Few people have visions of dollar signs flashing before their eyes when they see seaweed washed up on a beach, but this rubbery plant is, in fact, quite valuable. Once processed, seaweed is used as a food, a fertilizer, and as an ingredient in cosmetics. (Reference 3) The scale of the seaweed industry varies widely; in poorer countries harvesting and processing is small-scale and done by hand, (Reference 1) while producers in wealthy countries such as Scotland use automated processing facilities. (Reference 2) Processing seaweed is done by carefully drying it; this is easy to do yourself.
Harvest the seaweed from shallow water. This can be done by hand by pulling it up and cutting it at the base.
Set up a raised wooden drying rack. (Reference 1, page 4) A wooden cargo pallet raised up on cinder blocks placed under each corner works well, or you could build a basic rack from spare wood. Allow gaps between the pieces for air to pass through.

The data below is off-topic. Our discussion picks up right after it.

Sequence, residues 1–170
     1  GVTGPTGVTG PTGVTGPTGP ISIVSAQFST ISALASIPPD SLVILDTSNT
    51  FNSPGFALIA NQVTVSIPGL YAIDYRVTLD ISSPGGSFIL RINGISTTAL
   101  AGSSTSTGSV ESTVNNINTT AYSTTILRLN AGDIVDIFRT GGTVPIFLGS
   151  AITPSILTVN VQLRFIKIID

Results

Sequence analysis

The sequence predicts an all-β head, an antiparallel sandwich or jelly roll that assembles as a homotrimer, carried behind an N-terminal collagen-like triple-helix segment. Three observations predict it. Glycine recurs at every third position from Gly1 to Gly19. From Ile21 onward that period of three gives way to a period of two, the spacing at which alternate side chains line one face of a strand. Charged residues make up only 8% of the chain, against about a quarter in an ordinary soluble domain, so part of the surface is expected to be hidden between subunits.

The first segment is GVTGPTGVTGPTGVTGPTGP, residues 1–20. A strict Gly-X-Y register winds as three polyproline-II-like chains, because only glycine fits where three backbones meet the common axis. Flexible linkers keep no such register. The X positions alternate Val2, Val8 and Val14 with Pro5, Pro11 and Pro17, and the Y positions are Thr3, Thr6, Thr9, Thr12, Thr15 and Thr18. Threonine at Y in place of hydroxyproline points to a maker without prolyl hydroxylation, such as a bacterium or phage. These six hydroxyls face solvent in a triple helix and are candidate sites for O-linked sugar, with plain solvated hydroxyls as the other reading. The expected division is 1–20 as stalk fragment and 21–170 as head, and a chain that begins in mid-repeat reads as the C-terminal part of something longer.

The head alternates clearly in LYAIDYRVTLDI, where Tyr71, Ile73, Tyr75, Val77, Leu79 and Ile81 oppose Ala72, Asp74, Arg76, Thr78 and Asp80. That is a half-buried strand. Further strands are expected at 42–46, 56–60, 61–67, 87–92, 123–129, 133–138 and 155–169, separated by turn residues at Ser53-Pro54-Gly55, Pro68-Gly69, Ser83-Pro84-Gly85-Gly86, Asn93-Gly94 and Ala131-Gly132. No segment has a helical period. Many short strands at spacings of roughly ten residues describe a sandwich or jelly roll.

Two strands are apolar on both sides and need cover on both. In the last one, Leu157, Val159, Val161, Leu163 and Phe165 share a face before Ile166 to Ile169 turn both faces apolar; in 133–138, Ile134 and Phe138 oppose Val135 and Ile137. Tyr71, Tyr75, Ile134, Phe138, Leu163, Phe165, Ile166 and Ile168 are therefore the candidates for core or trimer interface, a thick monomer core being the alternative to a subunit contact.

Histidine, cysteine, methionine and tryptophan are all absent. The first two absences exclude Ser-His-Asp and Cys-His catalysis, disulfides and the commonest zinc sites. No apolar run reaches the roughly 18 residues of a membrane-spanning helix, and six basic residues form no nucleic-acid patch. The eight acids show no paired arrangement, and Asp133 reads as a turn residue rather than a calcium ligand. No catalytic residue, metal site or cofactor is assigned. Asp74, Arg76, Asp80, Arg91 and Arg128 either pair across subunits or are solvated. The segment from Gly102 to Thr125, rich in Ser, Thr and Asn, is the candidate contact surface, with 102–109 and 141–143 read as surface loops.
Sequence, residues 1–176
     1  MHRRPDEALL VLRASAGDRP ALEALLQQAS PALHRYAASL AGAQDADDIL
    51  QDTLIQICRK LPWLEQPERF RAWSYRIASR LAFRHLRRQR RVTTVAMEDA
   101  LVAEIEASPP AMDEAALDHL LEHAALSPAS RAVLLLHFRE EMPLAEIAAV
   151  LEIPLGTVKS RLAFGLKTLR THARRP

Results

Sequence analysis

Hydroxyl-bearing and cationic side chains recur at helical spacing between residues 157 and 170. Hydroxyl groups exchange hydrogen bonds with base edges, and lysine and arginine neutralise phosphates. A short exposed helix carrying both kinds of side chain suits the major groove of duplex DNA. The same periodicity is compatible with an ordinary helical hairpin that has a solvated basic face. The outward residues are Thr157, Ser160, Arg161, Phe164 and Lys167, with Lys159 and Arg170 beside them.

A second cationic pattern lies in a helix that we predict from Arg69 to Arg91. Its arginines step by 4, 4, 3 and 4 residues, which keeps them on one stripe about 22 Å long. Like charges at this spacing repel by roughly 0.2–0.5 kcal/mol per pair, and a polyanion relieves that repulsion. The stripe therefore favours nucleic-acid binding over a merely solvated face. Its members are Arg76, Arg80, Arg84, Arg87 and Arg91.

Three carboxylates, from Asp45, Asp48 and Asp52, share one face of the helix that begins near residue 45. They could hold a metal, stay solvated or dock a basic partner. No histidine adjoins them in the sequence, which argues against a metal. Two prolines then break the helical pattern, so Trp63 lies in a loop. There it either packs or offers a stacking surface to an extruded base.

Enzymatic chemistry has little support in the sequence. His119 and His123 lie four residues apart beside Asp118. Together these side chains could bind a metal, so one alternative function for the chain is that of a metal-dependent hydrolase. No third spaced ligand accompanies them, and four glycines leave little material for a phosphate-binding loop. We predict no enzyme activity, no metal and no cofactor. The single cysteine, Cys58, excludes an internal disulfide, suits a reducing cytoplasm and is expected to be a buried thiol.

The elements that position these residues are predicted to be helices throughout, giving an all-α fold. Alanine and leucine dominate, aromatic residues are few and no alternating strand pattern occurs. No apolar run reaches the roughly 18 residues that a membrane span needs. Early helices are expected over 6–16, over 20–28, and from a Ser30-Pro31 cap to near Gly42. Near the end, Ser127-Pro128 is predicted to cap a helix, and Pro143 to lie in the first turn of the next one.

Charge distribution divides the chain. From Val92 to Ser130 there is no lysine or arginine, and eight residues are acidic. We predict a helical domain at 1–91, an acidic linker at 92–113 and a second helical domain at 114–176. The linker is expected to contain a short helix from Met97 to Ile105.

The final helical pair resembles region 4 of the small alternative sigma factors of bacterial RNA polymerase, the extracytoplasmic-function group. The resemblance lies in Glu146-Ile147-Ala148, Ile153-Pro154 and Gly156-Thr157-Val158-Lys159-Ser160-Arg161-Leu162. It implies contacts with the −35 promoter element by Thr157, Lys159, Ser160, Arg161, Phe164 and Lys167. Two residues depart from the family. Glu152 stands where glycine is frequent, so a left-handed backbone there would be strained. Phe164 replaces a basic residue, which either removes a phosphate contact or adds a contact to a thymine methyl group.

Spread the seaweed out in a thin layer on top of the drying rack. Do not pile it up, as this will lead to the buried seaweed rotting. (Reference 1, page 5)
Turn the seaweed over regularly as it dries in the sun. This will dry it more quickly and prevent rot. (Reference 1, page 4)
Cover the seaweed with a plastic sheet during the night and when it rains. This sheet must be raised up to allow air to pass over the seaweed. (Reference 1, page 6) You can raise the sheet by hammering a vertical post made of a stick to the center of your drying rack. This will turn the plastic sheet into a basic tent shape. Pin down the edges of the sheet by nailing them to the sides of the rack.
Pick through the dried seaweed to remove any flotsam or sea creatures that were trapped in it when you harvested it. Good quality seaweed should be clean, dry, and colorful. If it has turned white, this is a sign that it was bleached by too much condensation, or cooked by an improperly vented plastic sheet. (Reference 1, page 9)
Chop up and bag the seaweed for sale, or store it for consumption.